Importance of Family in Treatment

“Every person belongs to something. We didn’t grow up like little mushrooms in the dark… They find support in some people they met along the way. And that becomes the family” (Drake, 2014).

Most interventions focus solely on the identified client whether it is an addiction or mental health issue. After treatment, the client becomes sober or mentally healthier and goes back home. It looks simple enough, as clinicians create a discharge plan for the client. But it misses the big point, the client is one piece of a larger system. Every client we work with is related to someone or some community somewhere.  Intervening to help the client change without changing where he/she will go back is one piece of the pie. To create change that would last will require a bigger bite of the pie.

Systems Theory explains human behavior as the intersection of the influences of multiple interrelated systems (Forder, 1976). If we look at the client problem being the problem behavior, it was influenced by those around him or her. Since it takes a lot of legislation to change communities, we can look at a smaller unit: the family.

Family involvement in treatment is crucial to lasting recovery, not just to create the awareness for the family to understand the “underlying issues” behind the problem; but to also be part of the solution. The influence exerted by the family on the individual in the form of support could easily become enabling behaviors. And if a biological family or family by marriage is not available, we have to look at the friends or support system that the client sees as their “family.”

- Melinda Drake, LCSW (CA, NY & HI), LISW CP & AP (SC)

 

Resources:

Drake, M. (2014). Addiction Professional, Family Dynamics in Addiction Treatment - Orange, Calif. Retrieved from  https://www.addictionpro.com/page/family-dynamics-addiction-treatment-orange-calif-0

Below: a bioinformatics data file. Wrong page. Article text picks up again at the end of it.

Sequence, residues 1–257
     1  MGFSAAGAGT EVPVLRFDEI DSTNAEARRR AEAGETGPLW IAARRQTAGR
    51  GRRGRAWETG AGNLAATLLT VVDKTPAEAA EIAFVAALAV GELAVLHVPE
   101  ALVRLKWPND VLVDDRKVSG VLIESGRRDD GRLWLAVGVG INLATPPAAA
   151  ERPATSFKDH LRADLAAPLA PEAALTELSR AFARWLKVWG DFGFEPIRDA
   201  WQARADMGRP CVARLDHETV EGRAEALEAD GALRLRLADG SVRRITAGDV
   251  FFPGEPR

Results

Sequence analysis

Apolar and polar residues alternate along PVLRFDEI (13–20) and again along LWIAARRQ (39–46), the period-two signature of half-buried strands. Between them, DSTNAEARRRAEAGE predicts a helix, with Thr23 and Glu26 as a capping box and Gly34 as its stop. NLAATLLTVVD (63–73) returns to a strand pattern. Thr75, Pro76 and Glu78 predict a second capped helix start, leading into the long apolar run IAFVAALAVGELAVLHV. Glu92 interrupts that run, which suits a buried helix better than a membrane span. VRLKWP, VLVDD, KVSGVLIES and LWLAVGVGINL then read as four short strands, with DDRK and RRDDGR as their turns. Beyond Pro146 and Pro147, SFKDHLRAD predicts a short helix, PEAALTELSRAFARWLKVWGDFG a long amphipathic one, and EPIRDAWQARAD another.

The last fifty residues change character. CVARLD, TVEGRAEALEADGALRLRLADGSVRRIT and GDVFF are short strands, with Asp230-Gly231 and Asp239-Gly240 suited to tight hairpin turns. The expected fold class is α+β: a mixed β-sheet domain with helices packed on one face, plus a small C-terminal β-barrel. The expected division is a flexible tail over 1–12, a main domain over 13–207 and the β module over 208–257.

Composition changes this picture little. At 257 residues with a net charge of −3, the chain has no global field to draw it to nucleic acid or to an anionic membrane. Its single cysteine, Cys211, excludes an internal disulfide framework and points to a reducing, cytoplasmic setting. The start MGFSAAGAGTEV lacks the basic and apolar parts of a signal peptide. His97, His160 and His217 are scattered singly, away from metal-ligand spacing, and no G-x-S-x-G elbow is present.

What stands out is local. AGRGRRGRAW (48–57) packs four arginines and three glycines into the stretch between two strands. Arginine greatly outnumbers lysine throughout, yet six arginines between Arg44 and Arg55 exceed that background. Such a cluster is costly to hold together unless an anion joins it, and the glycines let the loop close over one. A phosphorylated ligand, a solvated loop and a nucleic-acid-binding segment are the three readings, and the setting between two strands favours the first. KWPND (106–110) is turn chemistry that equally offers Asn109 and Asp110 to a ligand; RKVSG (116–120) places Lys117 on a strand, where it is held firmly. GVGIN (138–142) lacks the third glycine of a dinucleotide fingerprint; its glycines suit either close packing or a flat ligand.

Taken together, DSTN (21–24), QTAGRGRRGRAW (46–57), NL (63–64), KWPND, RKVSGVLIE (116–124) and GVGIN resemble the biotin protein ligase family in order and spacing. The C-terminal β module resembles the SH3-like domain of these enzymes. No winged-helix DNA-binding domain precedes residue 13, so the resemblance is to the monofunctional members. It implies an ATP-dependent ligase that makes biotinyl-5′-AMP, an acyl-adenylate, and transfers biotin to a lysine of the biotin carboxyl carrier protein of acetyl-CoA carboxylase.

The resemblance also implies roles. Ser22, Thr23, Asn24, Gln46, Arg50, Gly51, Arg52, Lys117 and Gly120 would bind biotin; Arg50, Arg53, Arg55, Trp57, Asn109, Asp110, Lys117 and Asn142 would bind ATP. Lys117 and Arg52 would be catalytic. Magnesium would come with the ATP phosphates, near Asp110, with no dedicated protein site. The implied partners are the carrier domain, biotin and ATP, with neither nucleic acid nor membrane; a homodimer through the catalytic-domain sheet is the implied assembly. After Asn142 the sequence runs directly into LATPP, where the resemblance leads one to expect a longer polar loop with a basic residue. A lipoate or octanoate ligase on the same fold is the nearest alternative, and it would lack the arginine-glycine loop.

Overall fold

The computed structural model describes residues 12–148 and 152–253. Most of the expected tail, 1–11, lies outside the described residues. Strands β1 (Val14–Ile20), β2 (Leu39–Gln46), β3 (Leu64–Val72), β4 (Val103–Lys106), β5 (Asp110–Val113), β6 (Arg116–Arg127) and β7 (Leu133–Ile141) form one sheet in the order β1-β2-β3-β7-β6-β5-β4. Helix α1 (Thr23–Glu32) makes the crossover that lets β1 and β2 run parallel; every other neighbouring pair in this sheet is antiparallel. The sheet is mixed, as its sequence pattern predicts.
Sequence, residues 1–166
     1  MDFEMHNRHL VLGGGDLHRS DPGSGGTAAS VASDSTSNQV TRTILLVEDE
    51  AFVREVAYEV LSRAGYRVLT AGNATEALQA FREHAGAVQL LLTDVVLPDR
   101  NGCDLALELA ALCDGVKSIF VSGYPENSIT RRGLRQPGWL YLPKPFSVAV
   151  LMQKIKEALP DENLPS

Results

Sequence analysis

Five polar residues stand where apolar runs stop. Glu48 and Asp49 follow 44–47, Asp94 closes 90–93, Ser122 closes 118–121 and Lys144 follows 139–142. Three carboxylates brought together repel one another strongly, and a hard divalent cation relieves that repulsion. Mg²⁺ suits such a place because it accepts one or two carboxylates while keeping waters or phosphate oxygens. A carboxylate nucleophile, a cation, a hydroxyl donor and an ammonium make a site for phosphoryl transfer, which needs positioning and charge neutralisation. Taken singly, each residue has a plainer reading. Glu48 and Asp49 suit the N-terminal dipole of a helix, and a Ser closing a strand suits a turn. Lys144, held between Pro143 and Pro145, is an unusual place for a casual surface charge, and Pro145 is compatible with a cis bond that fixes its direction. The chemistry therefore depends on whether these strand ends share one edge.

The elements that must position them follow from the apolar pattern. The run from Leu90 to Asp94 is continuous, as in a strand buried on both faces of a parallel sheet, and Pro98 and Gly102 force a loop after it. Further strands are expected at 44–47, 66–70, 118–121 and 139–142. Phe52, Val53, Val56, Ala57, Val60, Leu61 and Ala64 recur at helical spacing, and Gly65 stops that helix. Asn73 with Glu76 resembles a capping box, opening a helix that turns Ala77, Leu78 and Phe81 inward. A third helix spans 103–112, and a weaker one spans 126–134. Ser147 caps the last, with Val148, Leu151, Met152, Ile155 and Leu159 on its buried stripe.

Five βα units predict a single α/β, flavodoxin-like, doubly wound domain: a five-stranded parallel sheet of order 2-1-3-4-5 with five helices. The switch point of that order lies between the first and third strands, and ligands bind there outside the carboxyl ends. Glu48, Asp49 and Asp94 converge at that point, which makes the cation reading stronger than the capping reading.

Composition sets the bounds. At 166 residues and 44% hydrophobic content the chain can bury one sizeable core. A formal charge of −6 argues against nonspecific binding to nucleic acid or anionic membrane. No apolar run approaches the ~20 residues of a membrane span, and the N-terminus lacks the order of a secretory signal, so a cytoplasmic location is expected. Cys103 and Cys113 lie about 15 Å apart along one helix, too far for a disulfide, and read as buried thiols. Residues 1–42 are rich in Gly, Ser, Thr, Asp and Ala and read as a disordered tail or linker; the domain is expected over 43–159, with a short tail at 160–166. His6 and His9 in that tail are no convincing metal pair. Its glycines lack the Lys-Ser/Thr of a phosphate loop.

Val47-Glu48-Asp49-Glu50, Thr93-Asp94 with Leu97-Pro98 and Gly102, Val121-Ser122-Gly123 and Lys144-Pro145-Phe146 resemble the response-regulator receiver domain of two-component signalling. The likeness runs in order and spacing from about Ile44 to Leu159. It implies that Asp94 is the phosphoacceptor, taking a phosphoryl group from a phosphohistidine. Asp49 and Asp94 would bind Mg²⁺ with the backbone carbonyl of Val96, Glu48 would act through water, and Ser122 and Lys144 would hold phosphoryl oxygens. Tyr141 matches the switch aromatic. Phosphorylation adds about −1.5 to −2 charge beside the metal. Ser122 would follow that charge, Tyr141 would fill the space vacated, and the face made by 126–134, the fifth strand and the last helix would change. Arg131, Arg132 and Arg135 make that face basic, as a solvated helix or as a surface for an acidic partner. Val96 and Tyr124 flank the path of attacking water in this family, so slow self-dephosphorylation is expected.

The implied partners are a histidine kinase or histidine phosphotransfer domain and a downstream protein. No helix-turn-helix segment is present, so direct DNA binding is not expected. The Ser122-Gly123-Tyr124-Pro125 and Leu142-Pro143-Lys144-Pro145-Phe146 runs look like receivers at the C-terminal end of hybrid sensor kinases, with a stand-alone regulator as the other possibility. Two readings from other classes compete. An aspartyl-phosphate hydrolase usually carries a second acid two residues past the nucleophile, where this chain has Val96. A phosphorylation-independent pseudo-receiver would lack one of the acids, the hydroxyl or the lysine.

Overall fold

Forder, A. (1976). Social Work and System Theory. The British Journal of Social Work, Volume 6, Issue 1, 1 January 1976, Pages 23–42.

You Might Also Enjoy...

Finding Peace and Purpose in Early Recovery

Yoga, meditation, and volunteerism are all ways to bring peace and purpose into your life. Learn how these and other strategies can help you thrive in the early days of your recovery from drug and alcohol addiction.

Benefits of Outpatient Detox

If you’re resisting inpatient treatment for substance abuse because of your personal responsibilities or privacy concerns, you may be a candidate for outpatient detox. Learn how an outpatient detox program can get you started on the road to recovery.

The Role of Nutrition in Recovery

A key ingredient in a successful recovery is a healthy, well-balanced diet plan. Learn how substance abuse affects your health and what changes you need to make in your diet to prevent relapse.

The Connection Between Unresolved Trauma and Addiction

A history of emotional abuse, physical violence, or another trauma can shape your brain and make you more susceptible to addiction. Learn how trauma influences your brain and may increase your risk for self-medicating and other risky behaviors.